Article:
Now at each board meeting, Kim shares various reports, focuses on a different aspect of the budget each month, and helps board members understand how to look at the data and what it means in the long term.

“Those are things that are really beneficial and easy for the board to see at a glance. It does not take more than three minutes for them to look through that and say, ‘We are where we want to be,’ or, ‘Maybe we have some work in this particular area.’ But looking at fund balance, looking at staff retention, looking at test scores, it is so quick and easily shared. It is something we can take to the board and it can go on our website.”

Kim Knight
– Executive Director of Business Services

Dieringer’s free- and reduced-lunch rate is increasing. Its English Learner population has grown. Frontline Analytics enables Kim to project how those changes will affect district finances over time and communicate that visually to the board and highlight any budgetary changes that need to be made. “It really has allowed them to see the bigger picture. You can say, ‘We have a higher free and reduced rate,’ but when you show them a 10-year graph and you go from 5% to 22%, suddenly it’s, ‘Okay. Maybe we need to start talking.’”

Like every district, most of the budget is taken up with staff salaries. Even when the numbers look good today, negotiated salary increases can quickly throw a budget off track. Kim can project several years ahead and show if the fund balance will still be in the black in three years based on salary projections.

Collective Bargaining

When Dieringer School District approaches collective bargaining negotiations, Kim says that Frontline Analytics enables the district to come to the table with confidence and integrity, sharing an easy-to-understand picture of their financial situation. This way, she says, there are no surprises. They can respond to teachers union demands with clear data, which builds trust and makes it easier to come to an agreement.

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[Podcast] Analytics in Collective Bargaining

In this interview, Kim Knight at Dieringer School District explains how she uses analytics to come prepared to the collective bargaining table.

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Staffing Decisions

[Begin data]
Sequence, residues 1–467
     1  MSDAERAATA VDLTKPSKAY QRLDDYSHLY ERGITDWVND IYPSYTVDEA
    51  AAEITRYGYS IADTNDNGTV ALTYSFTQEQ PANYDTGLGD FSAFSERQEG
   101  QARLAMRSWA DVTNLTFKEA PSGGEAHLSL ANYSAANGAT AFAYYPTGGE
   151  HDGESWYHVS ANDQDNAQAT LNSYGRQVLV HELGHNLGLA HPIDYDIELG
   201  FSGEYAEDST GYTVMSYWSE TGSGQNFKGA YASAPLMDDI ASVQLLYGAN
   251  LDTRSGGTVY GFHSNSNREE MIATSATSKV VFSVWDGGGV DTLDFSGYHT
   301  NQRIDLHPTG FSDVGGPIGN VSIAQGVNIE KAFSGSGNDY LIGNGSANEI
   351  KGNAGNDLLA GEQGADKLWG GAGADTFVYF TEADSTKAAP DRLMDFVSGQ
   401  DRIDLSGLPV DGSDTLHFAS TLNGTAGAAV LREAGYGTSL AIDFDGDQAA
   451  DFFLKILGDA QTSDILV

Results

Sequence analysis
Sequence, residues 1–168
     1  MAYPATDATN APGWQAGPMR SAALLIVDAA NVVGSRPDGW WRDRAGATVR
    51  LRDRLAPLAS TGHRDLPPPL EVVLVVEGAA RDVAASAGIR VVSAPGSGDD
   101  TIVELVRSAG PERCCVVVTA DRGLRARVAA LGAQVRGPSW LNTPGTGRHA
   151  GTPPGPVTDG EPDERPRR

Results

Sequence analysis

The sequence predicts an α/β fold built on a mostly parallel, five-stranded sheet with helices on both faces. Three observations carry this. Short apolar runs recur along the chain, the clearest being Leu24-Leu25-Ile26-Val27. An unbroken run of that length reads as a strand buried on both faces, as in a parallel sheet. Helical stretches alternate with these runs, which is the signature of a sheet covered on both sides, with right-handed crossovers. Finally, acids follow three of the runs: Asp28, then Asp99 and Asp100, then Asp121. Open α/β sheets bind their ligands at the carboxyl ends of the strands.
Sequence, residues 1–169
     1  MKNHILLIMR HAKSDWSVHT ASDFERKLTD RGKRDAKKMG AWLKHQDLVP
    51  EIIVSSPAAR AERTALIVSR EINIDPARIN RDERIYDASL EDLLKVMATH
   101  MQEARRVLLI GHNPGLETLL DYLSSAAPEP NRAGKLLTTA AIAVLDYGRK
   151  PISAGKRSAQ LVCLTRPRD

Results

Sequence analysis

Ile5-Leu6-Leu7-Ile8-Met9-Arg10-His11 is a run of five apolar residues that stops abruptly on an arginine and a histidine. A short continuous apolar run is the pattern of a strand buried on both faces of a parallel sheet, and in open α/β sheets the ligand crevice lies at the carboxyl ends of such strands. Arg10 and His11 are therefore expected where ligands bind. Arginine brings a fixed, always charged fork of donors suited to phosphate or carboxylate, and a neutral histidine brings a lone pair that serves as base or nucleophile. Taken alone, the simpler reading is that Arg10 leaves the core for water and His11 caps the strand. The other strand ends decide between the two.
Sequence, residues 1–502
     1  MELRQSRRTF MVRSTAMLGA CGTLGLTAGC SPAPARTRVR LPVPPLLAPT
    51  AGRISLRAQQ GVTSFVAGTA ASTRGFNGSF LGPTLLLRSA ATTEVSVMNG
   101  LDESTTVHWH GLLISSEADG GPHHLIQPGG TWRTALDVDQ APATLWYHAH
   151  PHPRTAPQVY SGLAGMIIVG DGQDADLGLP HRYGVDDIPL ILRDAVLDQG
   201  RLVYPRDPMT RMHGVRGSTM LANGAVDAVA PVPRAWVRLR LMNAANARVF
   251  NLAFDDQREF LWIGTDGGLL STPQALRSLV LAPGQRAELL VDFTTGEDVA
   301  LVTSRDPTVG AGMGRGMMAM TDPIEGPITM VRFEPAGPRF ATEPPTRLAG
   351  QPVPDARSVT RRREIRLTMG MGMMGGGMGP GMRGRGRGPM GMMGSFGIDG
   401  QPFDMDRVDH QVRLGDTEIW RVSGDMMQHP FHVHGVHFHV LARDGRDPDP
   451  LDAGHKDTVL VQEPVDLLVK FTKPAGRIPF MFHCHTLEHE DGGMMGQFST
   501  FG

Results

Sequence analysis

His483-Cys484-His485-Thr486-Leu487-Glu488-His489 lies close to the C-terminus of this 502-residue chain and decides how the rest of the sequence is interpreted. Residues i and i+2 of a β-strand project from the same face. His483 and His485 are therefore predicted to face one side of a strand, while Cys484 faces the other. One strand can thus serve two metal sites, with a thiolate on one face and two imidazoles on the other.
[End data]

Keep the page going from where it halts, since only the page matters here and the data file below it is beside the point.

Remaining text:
Dieringer School District also uses Frontline’s Comparative Analytics, which enables school districts to compare their own district to others using publicly available data. For Michael, this was especially useful as he tried to understand why teachers in the district were leaving. “There are misperceptions about what is really going on, and the data says something completely opposite,” he says. Some people thought that teachers were leaving for higher-paying jobs in other districts, but the data told a different story. “People tend not to argue with data.”

Kim appreciates the ability to compare financial and salary data with other districts, which helps her team make confident decisions around salaries. “We can push this button and here is our staffing story. It is all in this beautiful packet that we can compare to our peers as far as levy collections per student, we can compare to the comp districts named in the collective bargaining agreement. We can compare to our county districts as to how we are comparing and retaining our staff.”

Grade Level Realignment

As Michael and Kim have conversations about grade level realignment, moving various grade levels to different buildings, analytics allow them to see what kind of cost savings and return on investment they can expect. This is highly impactful, because when funds are freed up, they can be reallocated to other efforts, such as interventions.

Student Analytics

Dieringer School District also uses Frontline’s Student Analytics Lab, looking at everything from test scores and classroom grades to attendance and behavior data. This enables them to see how different groups of students perform and helps determine what actions might be necessary. “Our test scores have been great, but because the district demographics are changing, when you break down the test scores into different demographic groups, you notice that there is a very noticeable disparity in how certain groups perform,” Kim says. “Then you are able to look at that at a high level and say, ‘Okay, it looks like we need to put some more interventions into our English language learners.’”

Kim says this is the flip side of financial analytics. Student Analytics Lab helps district leadership determine the need — “This is what we need to do.” Financial Planning Analytics helps them understand, “This is what we need to do financially to meet that need.

“The cost and time savings are tremendous for me.”

Kim is quick to say that spreadsheets are still a part of her day — she is a school business official, after all. But she spends far less time looking at numbers in cells than she would if she did not have Frontline Analytics.

“Honestly, you would have to hire another person. There are not enough hours in the day for me to be able to produce meaningful information for the board and still do the rest of my job. You would have to hire somebody else who could take over the state reporting and the day-to-day so that I could sit and go blind in front of spreadsheets on a daily basis.”

Michael Farmer Photo

“If a picture is worth a thousand words, the data is worth a million, because it can paint a picture that really, truly tells the story and gives you a good place to start having a conversation, whether it is about funding or about what is really happening in the classroom with kids, or what could happen sometime down the road.”

Michael Farmer
– Superintendent